Publish and share
Why publish data?
Publishing your data and citing its location in published works allows others to replicate, validate and ensure accuracy of results. Some research data would be impossible to collect again e.g. recordings of a specific seismic event. Sharing data improves the scientific record and increases scientific integrity. The Australian Code for the Responsible Conduct of Research, 2018 advises that researchers should share their data wherever possible. To support best practice in publishing data, QUT has adopted the F.A.I.R data principles to make research data Findable, Accessible, Interoperable and Re-usable. The benefits of making data publicly available include:
- greater attention to the research and the researchers, who created the data
- increased citation counts by up to 69% see study by Piwowar, Day and Fridsma (2007)
- increased collaboration and networking opportunities between researchers
- greater opportunities for grant funding as grant funding bodies encourage data sharing.
Durable data formats
Use standard interchangeable formats that most software is capable of interpreting, or at the end of the project convert completed data to these formats. Check data after conversion for errors or changes. Acceptable formats for long term access to data include the following options.
|Acceptable formats for sharing, reuse and preservation
|TAR, GZIP, ZIP
|Computer aided design
|DWF, DXF, DWG, DWS, DWT, X3D, STEP, STP
|SHP, DBF, GeoTIFF, NetCDF
|MOV, MPEG, AVI, MXF
|WAV, AIFF, MP3, MXF, FLAC
|ASCII, DTA, POR, SAS, SAV, STATA, SPSS
|TIFF, JPEG 2000, PDF, PNG, GIF, BMP, RAW
|CSV, XLS XLSX, ODS,
|XML, PDF/A, HTML, ASCII, UTF-8, RTF, HTML, NUD*IST, NVivo, ATLAS.ti
Based on information from UK Data Service (2017).
Copyright and research data
Compilations of data are protected by copyright law as 'literary works', provided the compilation involved intellectual effort, was not copied from another source, and supplies 'intelligible information' (i.e. is human/machine readable). Research students own the copyright of their works unless there is a written agreement stating otherwise.
See the Australian Research Data Commons' Research Data Rights Management Guide for more information about whether copyright subsists in your data.
Image attribution: Mike Seyfang (2005)
If you decide to share your data when you have completed your research, you may use a Creative Commons (CC) licence to specify the conditions that apply to reuse. When you apply a CC licence to your data, you retain ownership of the data but license others to use the work on liberal terms. The four different licence terms are:
- Attribution: (BY) You must always provide credit to the original author.
- Share-Alike: (SA) If you remix, transform, or build upon the material, you must distribute your contributions under the same license as the original.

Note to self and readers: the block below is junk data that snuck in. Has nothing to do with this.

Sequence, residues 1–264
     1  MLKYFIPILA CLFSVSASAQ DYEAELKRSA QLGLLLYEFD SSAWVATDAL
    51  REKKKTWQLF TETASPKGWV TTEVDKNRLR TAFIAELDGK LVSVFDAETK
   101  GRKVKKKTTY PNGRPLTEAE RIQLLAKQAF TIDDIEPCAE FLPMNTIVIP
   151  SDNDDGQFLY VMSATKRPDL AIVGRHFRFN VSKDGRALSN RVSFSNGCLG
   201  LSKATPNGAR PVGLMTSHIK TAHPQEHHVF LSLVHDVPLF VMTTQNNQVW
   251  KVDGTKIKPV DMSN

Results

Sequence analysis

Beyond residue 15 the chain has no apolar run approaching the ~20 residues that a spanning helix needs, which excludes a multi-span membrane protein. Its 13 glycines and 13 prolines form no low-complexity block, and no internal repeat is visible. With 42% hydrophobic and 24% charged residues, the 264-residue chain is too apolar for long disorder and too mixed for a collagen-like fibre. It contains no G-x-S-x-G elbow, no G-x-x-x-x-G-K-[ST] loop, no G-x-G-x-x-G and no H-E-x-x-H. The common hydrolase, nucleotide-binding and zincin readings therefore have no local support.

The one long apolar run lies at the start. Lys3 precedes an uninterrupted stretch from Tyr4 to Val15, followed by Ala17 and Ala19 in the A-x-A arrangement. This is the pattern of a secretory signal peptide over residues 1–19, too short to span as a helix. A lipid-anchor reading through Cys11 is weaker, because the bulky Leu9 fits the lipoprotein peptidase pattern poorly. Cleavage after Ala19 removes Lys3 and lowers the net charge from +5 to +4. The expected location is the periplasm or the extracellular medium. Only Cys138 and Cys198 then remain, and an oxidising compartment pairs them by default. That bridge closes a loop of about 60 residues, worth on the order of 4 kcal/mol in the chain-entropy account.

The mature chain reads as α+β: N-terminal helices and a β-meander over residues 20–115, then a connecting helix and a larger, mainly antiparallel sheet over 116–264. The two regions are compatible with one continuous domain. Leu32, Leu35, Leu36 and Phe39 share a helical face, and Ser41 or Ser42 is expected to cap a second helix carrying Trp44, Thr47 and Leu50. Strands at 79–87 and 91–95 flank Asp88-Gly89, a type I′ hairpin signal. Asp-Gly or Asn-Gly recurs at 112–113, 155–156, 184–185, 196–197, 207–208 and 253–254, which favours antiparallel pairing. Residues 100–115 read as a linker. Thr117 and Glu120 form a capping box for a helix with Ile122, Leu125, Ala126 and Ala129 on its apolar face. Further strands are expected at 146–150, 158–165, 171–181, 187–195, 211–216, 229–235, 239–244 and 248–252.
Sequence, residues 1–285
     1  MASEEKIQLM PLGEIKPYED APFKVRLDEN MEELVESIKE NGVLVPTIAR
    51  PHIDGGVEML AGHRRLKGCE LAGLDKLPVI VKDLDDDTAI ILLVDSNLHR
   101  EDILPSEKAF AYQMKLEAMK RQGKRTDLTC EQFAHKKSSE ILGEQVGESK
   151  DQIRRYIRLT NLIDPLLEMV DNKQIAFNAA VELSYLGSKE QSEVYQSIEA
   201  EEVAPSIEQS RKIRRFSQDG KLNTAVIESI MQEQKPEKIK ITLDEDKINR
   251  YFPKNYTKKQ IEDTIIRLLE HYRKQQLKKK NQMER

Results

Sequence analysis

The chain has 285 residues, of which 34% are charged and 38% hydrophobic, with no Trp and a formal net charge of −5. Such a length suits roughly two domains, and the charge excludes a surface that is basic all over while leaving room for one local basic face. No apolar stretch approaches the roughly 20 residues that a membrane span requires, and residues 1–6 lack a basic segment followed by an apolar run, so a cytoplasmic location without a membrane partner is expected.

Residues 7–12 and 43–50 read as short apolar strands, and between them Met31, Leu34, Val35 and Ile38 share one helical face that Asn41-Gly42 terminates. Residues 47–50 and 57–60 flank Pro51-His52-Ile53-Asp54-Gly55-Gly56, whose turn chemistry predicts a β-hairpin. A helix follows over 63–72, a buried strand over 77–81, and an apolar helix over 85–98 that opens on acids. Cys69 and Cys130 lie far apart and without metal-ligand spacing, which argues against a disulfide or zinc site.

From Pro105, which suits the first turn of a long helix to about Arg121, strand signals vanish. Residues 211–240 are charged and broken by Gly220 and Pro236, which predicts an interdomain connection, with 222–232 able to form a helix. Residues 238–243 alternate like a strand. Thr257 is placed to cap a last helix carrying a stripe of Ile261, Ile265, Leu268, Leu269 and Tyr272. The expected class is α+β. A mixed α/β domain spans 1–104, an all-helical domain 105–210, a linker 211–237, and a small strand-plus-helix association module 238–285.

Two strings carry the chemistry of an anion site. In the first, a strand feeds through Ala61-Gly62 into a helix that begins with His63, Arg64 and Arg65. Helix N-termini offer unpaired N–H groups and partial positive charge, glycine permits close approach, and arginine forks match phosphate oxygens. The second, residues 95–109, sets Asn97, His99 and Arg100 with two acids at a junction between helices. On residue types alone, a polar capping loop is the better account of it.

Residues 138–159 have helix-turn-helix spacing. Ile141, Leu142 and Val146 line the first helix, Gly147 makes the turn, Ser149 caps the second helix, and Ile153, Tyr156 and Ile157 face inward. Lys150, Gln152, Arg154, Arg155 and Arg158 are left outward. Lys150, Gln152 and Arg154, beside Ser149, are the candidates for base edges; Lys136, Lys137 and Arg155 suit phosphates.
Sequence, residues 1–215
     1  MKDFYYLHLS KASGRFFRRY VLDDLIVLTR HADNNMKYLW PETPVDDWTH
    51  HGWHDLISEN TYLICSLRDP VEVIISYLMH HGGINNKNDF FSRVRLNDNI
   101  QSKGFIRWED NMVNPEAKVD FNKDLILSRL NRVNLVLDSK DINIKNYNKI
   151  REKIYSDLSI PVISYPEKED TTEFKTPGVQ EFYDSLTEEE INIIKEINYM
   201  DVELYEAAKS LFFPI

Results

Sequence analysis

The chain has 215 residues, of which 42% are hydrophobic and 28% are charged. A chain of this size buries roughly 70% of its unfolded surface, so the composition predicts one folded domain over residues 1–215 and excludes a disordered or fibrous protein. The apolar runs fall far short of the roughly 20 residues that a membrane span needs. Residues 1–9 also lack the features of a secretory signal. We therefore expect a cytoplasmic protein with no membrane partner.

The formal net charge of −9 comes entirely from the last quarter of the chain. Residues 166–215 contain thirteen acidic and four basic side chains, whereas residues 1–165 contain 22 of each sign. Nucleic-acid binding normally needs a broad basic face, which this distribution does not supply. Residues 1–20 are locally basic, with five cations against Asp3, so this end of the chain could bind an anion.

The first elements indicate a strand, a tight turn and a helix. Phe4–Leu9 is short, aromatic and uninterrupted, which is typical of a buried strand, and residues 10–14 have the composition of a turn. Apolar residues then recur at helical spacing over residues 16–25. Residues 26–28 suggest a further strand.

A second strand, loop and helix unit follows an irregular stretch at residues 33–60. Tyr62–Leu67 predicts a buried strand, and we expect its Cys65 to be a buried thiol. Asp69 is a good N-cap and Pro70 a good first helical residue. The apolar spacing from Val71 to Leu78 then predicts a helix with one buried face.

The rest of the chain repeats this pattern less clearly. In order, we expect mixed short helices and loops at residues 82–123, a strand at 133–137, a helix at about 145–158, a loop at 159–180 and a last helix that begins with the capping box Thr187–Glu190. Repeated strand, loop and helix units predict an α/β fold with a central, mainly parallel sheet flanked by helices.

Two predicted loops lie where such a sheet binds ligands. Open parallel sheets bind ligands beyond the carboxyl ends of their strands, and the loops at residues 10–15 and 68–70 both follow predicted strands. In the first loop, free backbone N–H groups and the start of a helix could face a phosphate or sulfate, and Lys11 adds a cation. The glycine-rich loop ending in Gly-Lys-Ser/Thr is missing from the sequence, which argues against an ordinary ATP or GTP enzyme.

- Non-Commercial: (NC) You may not use the material for commercial purposes.
- No-Derivatives: (ND) You may not distribute modified versions of the work.
Image attribution: Creative Commons
QUT Post-doctoral researcher Christopher Noune has assigned a CC-BY-ND licence to his dataset which means that others may use, copy and redistribute his work, even for commercial purposes, so long as they give appropriate credit. If they remix, transform or build upon the work, they may not distribute the modified material without seeking permission from Christopher.
See: Noune,Christopher; Hauxwell,Caroline. (2017): HaSNPV-AC53 Genotyping and Abundance Datasets. [Queensland University of Technology].
Check which terms apply to the works you want to use via Creative Commons Australia's licence chooser.
Combining and analysing existing data from multiple sources is common practice. The conditions attached to CC licences only apply when an entire, or substantial part of, a CC licensed dataset is reused. You should not apply a CC licence to a dataset if you are not the copyright owner or if the data contains secret, private or confidential information.
Use the Data Management Planning Tool to document the decisions relating to sharing and licensing your data at the conclusion of your research (QUT VPN is required to access the DMP Tool off campus). For more information on licensing data, refer to the Australian National Data Service (ANDS) guide to Copyright, data and licensing and QUT's information about publishing research data.
Consider sharing your completed datasets or subset with other researchers, publishers and the public via QUT's data repository Research Data Finder, or an open access repository such as FigShare, Dryad or Github. Explore other discipline-specific and mutlidiscipinary repositories and at the Registry for Research Data Repositories.
- Descriptive: metadata required for discovery and assessment of the collection, including title, contributors, subject or keywords, study description, list of publications the dataset contributes to and location and dates of the study.
- Provenance: metadata about the data source, instruments used to collect or generate the data, version tracking and transformations (often including the steps that were applied to produce the data product).
- Technical & Structural: metadata about file types, software, file size and contents of components e.g. variable names. How the data or its database is configured and how it relates to other data or how components within a set related to each other.
- Rights & Access: metadata to enable access and licensing or usage rules e.g. negotiated access by contacting the owner or open access via a creative commons licence.
- Citation: metadata required for someone to cite the data, including a persistent identifier such as a DOI or stable URL e.g. Creator(s), Publication Year, Title, Publisher, DOI.